Page:Historical characteristics of the Celtic race.djvu/28

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extinguished suicide, so that such an exit from life, just as among our own Celtic race, is recoiled from with horror; and various other salutary fruits he traces to this source. In point of fact, one might almost affirm that the religious feeling of the Celts, strong under the Druids, strong under the Christian Faith, is, next to the Jewish, the most intense that Europe has known. It is a singular corroboration of this position that the great historian of the "Decline and Fall" has coupled the Celts and the Jews in one category in this regard. These, according to Gibbon, are the only races who had a national faith against which the Romans made war, not on political grounds, but as a religious belief. The capture of Jerusalem by Titus, and the extirpation of the Druids by fire and sword from the groves of Anglesea, are therefore parallel events at the two extremities of the Roman world; and you will read the Agricola with fresher interest when you discern the evidence thus supplied as to the characteristics of the Celtic race.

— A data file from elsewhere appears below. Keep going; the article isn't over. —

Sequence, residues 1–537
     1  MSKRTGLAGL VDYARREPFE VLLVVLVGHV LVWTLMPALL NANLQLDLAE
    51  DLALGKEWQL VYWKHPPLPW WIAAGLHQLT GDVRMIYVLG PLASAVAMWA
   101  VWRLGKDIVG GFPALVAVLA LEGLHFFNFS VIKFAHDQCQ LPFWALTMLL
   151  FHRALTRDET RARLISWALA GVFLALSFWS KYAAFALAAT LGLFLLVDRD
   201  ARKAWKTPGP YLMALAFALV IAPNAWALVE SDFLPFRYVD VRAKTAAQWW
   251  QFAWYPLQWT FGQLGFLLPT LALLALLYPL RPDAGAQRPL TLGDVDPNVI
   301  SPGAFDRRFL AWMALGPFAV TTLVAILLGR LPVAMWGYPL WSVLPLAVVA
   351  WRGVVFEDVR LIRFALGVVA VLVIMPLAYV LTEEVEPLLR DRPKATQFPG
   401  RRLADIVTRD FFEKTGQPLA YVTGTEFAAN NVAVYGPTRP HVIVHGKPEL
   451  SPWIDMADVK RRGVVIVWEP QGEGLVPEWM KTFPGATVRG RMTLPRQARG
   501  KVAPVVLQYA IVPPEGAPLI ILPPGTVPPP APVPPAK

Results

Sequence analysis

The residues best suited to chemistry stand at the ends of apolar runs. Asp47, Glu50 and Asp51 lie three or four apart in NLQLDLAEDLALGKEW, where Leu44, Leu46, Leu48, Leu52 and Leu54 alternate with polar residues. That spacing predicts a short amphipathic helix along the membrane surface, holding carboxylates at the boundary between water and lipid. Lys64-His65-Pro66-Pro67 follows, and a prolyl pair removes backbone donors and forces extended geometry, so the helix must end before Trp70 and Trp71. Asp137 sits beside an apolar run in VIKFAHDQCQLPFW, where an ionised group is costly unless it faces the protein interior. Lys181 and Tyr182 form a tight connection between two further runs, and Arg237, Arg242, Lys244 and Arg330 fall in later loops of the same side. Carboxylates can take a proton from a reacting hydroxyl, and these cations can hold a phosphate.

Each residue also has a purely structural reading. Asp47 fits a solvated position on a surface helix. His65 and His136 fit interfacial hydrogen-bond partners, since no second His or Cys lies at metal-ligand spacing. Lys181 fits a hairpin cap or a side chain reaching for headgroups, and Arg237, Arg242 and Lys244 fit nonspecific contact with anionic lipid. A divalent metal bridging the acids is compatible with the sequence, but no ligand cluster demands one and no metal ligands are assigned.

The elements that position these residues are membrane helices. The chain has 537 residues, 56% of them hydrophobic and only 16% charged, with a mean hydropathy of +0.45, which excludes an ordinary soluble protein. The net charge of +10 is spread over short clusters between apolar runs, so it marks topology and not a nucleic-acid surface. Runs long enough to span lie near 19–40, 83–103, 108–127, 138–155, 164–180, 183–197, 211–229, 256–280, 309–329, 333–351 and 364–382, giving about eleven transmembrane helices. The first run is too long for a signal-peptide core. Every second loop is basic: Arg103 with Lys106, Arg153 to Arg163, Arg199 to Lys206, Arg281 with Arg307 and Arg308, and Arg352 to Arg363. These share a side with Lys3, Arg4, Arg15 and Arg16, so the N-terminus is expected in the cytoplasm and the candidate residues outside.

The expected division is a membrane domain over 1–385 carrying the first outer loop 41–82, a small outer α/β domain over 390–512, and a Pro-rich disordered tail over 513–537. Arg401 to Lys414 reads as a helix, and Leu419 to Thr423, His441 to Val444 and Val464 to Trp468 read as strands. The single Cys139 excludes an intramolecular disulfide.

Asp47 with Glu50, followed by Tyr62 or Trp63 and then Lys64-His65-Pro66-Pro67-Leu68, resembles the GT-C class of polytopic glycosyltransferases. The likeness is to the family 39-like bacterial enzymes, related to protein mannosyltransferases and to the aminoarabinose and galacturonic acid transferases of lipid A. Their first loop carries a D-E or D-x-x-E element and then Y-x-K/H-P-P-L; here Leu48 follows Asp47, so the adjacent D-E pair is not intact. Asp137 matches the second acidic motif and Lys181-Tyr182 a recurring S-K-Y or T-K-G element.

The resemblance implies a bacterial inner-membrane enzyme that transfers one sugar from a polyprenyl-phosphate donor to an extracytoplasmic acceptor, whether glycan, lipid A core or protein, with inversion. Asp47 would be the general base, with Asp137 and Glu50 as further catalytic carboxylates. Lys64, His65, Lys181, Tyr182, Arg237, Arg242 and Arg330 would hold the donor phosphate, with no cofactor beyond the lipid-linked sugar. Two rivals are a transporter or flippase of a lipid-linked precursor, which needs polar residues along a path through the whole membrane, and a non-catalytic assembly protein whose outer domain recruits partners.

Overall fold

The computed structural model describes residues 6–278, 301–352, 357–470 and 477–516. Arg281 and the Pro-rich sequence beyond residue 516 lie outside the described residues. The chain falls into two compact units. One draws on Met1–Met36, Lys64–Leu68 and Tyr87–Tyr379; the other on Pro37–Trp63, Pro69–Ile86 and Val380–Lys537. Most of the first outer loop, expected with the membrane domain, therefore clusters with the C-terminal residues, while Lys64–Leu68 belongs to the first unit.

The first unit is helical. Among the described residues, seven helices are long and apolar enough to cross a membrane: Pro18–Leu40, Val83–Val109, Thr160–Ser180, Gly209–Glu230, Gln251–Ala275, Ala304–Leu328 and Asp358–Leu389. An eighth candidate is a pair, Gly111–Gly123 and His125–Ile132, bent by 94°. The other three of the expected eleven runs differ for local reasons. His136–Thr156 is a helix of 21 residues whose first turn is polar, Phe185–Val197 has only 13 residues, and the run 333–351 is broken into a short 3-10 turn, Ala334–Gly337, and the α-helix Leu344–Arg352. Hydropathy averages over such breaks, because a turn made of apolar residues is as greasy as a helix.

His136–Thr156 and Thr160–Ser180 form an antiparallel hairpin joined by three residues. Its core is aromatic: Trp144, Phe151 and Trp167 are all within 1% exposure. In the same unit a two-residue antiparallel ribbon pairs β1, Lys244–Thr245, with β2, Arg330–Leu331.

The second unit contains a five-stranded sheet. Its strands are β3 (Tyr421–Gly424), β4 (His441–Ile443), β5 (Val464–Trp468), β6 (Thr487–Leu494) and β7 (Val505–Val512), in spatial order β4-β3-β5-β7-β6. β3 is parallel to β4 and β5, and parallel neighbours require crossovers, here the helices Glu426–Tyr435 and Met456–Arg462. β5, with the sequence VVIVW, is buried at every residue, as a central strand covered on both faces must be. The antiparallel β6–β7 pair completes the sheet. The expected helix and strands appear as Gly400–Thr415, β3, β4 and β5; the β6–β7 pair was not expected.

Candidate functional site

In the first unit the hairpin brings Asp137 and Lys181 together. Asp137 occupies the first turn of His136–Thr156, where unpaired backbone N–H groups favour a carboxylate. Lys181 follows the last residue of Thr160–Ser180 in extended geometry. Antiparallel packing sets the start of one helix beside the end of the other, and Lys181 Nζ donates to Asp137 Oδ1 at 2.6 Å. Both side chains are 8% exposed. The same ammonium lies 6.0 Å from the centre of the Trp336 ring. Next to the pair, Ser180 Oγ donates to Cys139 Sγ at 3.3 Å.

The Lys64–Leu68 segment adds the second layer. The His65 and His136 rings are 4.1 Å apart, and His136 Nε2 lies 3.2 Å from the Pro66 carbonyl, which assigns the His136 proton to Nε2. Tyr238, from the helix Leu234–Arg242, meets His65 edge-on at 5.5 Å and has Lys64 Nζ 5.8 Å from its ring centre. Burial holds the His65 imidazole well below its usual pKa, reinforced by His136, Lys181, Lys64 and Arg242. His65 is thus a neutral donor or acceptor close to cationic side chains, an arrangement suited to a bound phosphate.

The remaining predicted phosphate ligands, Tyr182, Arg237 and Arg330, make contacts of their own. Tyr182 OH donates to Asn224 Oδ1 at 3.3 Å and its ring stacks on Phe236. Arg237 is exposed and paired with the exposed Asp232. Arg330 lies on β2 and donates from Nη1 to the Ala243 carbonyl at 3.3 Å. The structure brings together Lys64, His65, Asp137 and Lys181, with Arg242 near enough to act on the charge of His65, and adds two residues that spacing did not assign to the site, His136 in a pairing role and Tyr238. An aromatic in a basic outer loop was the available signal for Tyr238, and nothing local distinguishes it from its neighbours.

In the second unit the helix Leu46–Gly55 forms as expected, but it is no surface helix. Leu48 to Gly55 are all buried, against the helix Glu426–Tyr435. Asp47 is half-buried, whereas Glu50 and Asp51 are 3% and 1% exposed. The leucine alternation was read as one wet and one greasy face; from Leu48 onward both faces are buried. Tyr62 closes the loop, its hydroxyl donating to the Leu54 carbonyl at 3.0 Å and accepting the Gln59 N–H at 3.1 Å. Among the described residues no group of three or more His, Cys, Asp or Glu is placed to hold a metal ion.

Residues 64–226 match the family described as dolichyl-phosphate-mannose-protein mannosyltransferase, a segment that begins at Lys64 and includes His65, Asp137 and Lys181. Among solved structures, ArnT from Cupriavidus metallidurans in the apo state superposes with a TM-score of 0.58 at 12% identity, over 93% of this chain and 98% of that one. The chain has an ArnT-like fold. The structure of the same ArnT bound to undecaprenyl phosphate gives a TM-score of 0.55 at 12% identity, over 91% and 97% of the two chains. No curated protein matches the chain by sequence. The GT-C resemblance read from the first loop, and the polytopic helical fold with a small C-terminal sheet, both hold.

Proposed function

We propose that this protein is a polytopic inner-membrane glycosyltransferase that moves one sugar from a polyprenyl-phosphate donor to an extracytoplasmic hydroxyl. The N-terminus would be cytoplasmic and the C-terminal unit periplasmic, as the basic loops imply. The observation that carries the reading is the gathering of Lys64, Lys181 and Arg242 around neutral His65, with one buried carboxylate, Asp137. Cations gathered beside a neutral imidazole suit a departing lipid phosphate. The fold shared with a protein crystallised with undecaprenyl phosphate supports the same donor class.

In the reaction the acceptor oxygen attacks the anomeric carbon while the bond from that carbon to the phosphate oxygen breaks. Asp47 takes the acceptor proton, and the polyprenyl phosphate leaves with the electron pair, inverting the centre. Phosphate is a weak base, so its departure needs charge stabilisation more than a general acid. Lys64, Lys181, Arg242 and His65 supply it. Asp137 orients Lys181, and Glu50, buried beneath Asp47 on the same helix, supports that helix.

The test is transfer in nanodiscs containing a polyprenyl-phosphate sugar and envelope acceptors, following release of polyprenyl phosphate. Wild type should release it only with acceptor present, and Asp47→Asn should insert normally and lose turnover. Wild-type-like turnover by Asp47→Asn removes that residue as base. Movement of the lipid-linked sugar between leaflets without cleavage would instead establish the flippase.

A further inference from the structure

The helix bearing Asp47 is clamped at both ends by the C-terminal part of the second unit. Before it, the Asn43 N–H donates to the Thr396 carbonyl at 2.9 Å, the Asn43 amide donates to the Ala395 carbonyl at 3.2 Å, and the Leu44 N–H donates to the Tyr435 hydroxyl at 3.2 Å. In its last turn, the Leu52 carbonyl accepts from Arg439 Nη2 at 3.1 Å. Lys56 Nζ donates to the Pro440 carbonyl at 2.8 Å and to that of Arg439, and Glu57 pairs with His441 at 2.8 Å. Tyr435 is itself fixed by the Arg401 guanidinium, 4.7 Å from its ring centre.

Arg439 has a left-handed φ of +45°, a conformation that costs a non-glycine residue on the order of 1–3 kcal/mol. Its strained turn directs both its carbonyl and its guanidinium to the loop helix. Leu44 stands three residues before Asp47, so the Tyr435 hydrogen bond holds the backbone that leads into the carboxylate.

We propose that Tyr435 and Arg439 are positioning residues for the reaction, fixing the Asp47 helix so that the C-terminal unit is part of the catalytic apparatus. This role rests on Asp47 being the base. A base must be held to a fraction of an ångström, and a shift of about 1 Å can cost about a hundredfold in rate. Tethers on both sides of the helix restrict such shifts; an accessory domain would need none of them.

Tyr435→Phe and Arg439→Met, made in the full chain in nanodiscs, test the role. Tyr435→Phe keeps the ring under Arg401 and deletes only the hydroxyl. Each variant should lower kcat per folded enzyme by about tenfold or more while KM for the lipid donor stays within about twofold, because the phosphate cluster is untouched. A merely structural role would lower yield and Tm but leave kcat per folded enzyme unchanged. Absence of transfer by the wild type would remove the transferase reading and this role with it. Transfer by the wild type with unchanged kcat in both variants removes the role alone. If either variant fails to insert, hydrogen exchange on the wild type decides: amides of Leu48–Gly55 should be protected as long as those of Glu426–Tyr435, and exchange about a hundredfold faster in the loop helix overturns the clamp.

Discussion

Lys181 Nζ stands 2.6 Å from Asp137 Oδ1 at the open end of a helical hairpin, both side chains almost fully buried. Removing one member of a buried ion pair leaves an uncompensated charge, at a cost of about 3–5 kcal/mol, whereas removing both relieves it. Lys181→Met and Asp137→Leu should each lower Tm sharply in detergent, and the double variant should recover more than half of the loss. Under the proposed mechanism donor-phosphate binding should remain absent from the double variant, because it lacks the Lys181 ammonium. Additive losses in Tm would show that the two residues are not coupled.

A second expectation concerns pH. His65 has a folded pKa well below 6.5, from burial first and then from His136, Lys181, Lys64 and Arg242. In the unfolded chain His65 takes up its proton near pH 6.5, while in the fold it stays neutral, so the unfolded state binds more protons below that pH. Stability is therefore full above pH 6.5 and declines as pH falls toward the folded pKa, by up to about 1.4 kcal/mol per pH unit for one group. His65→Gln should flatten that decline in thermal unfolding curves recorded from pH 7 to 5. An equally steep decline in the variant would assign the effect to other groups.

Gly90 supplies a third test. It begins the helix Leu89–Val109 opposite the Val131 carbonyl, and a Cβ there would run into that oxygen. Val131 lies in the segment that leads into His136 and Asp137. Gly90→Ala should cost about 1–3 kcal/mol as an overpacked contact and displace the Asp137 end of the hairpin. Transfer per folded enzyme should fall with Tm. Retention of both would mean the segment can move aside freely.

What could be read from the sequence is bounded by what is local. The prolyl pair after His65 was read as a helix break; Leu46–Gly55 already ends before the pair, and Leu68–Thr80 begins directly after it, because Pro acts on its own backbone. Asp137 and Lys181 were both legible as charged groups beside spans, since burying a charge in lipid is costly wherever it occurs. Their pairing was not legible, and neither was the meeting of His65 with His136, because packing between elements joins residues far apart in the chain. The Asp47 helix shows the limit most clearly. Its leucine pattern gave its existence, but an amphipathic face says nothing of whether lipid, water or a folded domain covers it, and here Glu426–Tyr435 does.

Leaving this loftier theme, I must now descend to a lower level, into the region of manners, to say a word as to a more lowly and mundane characteristic—politeness of demeanour. This is a feature of character universally conceded to you—a courteous politeness; there is confessedly nothing boorish or vulgar about the true Celt; there is, on the contrary, an aversion to everything mean or base. It is often remarked, even by the Englishman, that the Celt has the air and spirit of a gentleman, as if he were come of good blood in the economy of the world. One of his names for the Evil One signifies the mean or base one (Muisean, see Nicolson's Gaelic Proverbs), and we can easily understand how Sir Walter Scott found a magnet of attraction in the chivalry of the Highlands, whence have flowed creations like the Lady of the Lake, or Waverley and Rob Roy. Nearly 300 years ago this nobility of the Highland people in their games struck an old poet of the Elizabethan time, who has left us his impressions of a hunt which he saw in the Brae of Mar as far back as the beginning of the 17th century:—


"Through heather, moss, 'mong frogs and bogs and fogs,
  'Mongst craggy cliffs and thunder-battered hills,
 Hares, hinds, bucks, roes are chased by men and dogs,
  Where two hours' hunting four score fat deer kills;